Adding to your calendar
The one thing that's missing … Issue 1,166
Oh, hi friends!
You need time to think.
Specific, set-aside time.
I realized this after a few big things weren’t happening.
(I need to reignite my podcast, consider a few book ideas, and iron out another specific goal.)
These big things weren’t happening because they aren’t attached to tangible, deadline-oriented tasks.
They involve thinking.
I need to think about my podcast approach and think about the role of publishing in my life and think about one goal versus another, and so on.
Thinking rarely gets put on the calendar.
But it should.
Because that’s the way the big things become real things.
“These days, when I’m tempted to reach for a drink, I pause and ask myself, ‘Is this what I really want? Is this what I actually need? Will having a drink right now enhance this moment, or dull it?’ Sometimes the answer is enhance, and I’m happy to imbibe. When it’s not, I’m just as happy to opt for a non-alcoholic beverage instead.”
I always find a lot of value in Chrissy Hennessey’s newsletter So Relatable, but this question struck me particularly hard, and not even in regards to alcohol: Will having a drink right now enhance this moment, or dull it?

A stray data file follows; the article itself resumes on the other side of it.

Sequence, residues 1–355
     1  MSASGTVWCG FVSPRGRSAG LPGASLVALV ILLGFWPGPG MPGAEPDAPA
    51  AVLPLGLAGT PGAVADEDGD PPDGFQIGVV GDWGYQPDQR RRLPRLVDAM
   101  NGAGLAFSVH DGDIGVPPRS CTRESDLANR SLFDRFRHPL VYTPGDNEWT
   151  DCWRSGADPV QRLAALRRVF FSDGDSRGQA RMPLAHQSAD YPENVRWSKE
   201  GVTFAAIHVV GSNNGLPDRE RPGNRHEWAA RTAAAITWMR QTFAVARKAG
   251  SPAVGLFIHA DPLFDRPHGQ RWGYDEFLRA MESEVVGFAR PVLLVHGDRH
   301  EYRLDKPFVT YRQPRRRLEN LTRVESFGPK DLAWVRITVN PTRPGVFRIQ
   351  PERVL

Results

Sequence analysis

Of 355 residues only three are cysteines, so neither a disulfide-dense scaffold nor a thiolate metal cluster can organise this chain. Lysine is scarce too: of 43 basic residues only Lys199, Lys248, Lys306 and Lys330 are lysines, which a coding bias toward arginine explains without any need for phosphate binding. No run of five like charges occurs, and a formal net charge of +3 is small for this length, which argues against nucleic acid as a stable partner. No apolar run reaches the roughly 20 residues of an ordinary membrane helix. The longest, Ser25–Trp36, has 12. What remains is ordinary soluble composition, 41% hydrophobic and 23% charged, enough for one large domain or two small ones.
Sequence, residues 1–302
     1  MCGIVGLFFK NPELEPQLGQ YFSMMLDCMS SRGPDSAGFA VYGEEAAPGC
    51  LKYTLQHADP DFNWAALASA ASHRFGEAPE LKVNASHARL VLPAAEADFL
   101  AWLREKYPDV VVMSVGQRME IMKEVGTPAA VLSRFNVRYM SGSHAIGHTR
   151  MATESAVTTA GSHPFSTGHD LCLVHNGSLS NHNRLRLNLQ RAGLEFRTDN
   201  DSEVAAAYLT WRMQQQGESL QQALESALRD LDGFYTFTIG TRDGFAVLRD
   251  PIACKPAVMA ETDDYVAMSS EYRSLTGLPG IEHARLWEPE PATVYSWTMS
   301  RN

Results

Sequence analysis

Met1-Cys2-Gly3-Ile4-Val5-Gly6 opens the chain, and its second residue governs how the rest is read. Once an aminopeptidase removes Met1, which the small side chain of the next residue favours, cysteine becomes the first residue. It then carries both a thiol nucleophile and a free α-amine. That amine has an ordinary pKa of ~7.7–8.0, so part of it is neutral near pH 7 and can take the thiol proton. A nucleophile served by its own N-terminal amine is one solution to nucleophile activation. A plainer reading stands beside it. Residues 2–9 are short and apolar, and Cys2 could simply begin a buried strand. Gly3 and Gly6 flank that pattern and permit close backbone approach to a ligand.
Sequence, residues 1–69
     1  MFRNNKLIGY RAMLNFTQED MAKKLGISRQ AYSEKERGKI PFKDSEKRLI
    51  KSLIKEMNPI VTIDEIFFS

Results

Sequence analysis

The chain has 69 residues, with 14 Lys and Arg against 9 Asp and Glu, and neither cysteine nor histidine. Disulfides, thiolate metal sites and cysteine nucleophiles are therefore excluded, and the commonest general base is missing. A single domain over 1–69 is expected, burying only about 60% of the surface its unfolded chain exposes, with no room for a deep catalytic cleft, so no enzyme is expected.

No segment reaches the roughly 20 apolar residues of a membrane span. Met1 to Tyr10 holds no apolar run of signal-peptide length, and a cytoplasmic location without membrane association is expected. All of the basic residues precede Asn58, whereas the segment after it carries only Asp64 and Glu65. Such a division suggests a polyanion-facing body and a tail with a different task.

The enhance vs. dull framing! You can apply this to drinking or other activities.
Will listening to a podcast enhance or dull this 10-minute walk?
Will investing in this course enhance or dull my business?
Will waking up at 6 a.m. enhance or dull my day?
Where Is Your Vital Information?
Every Tuesday afternoon for the past year, I’ve visited this page to look at the week’s Broadway box office grosses.
You can see how much each show is making, average ticket price, audience capacity, and trends compared to last week.
This is free public information. And the data is searchable, going back many years.
Why do I do this? Because it’s useful information to understand if I want to create work that lives onstage.
This should have been obvious to me, but it wasn’t always! I had no idea how much it cost for a show to run, or the margins between a success and a show that’s about to close. Knowing the numbers helps me understand an industry, and understanding an industry helps me move my own work forward. (You should also take a class from my friends over at Business of Broadway!)
This makes me wonder: Where is the information that is vital to you, your project, your future?
What should you know that you don’t know right now?
And will you start digging into it today?
Subscribe to move forward with your most meaningful work in 2023.